Fixing the nation’s housing woes is taking on a sense of increasing urgency in Washington. In unveiling a new plan last week, President Obama cited the important role that housing plays in the economy.

“A lack of building demand has kept hundreds of thousands of construction workers idle,” said Obama. “Everybody involved in the home building business – folks who make windows, folks who make carpets – they’ve all been impacted. The challenge is massive in size and scope, because we’ve got a multi-trillion dollar housing industry.”

Yesterday, the President reiterated the high value that Americans place on homeownership and the need to help home owners while commenting on the mortgage settlement agreement reached between the states and five major banks.

“We can’t wait to get things done and to provide relief to America’s home owners,” Obama said. “We need to keep doing everything we can to help home owners and our economy.”

“You work and you save your entire life to buy a home,” Obama added. “That’s where you raise your family, that’s where your kids’ memories are formed. That’s your stake, your claim on the American Dream.”

With the proper policies in place, housing can serve as an engine of job growth, said Rutenberg, who noted that building 100 homes creates more than 300 full-time jobs and generates $8.9 million in federal, state and local revenues to fund local schools and strengthen communities across the nation.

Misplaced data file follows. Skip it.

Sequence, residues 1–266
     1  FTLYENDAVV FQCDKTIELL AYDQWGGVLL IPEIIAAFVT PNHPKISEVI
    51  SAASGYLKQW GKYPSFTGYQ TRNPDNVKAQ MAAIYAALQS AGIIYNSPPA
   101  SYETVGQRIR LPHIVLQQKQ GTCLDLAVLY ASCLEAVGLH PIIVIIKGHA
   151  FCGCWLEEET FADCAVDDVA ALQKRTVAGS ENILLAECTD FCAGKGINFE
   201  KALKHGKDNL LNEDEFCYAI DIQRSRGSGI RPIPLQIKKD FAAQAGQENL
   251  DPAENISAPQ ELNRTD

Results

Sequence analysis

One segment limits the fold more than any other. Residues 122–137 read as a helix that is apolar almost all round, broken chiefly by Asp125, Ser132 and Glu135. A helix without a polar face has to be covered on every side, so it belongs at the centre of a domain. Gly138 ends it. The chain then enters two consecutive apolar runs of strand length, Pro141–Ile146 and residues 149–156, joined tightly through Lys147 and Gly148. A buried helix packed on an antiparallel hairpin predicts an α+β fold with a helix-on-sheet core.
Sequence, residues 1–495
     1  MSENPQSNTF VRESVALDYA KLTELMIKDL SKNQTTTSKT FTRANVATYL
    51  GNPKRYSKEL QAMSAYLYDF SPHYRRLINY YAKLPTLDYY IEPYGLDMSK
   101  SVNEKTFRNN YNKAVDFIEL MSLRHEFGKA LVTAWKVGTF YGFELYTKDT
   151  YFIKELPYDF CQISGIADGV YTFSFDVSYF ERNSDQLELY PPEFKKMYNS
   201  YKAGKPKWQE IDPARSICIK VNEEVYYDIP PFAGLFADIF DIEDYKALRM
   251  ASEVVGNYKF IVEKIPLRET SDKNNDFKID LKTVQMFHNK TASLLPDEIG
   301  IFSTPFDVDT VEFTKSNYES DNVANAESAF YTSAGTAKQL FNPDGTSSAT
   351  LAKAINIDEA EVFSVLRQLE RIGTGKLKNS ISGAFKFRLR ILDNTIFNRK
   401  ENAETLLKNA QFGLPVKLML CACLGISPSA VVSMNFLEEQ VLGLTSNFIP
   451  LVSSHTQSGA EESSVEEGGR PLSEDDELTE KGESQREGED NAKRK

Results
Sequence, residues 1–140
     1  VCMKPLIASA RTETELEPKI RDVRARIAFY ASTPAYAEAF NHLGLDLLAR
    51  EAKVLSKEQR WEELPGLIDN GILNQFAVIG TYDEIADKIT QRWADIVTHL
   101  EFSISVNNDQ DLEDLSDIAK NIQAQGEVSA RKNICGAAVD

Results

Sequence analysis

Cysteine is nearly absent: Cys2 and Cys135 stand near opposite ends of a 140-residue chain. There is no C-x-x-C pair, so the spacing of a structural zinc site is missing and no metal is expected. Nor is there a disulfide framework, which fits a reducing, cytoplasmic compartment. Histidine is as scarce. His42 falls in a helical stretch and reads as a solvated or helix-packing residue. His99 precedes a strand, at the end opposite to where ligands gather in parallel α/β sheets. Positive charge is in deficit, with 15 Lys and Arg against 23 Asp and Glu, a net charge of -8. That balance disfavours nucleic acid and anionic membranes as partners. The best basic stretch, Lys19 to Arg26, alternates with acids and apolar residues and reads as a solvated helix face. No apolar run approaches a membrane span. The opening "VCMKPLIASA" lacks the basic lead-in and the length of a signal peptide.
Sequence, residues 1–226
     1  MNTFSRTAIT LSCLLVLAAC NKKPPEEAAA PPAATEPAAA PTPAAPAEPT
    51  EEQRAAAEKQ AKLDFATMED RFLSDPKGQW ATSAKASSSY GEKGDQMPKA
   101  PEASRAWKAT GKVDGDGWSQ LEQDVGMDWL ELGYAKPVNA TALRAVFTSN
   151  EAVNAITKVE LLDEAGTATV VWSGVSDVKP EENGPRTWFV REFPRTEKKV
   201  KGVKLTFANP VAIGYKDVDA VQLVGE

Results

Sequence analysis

“In this key election year, the voters are calling on the Administration and Congress to take actions to restore the health of the housing industry in order to create jobs, increase household wealth and keep the economy on an upward trajectory,” he added.

Click here to watch a replay of Bernanke's address.

NAHB: Builder Confidence Increases for Fifth Consecutive Month in February

Home builder confidence in the market for new single-family homes increased for the fifth consecutive month in February, rising from 25 to 29 on the NAHB/Wells Fargo Housing Market Index (HMI) released today. It is the highest level the index has reached in more than four years.

“Builder confidence has doubled since September as measured by the HMI,” said NAHB Chairman Barry Rutenberg, a home builder from Gainesville, Fla. “Given the recent improvements in new home starts and the increasing number of markets included in the NAHB/First American Improving Markets Index, this consistency suggests that the housing market is moving toward more sustainable growth.”

Rutenberg cautioned that the housing sector remains very fragile with significant differences between individual markets, and said policymakers must guard against actions that could impede or even reverse the gains of recent months.

“This is the longest period of sustained improvement we have seen in the HMI since 2007, which is encouraging,” said NAHB Chief Economist David Crowe. “However, it is important to remember that the HMI is still very low, and several factors continue to constrain the market. Foreclosures are still competing with new home sales, and many builders are seeing appraisals come in at less than the cost of construction. Additionally, prospective home buyers are finding it difficult to qualify for a mortgage.”

Derived from a monthly survey that NAHB has been conducting for more than 20 years, the NAHB/Wells Fargo Housing Market Index gauges builder perceptions of current single-family home sales and sales expectations for the next six months as “good,” “fair” or “poor.” The survey also asks builders to rate traffic of prospective buyers as “high to very high,” “average” or “low to very low.” Scores from each component are then used to calculate a seasonally adjusted index where any number over 50 indicates that more builders view conditions as good than poor.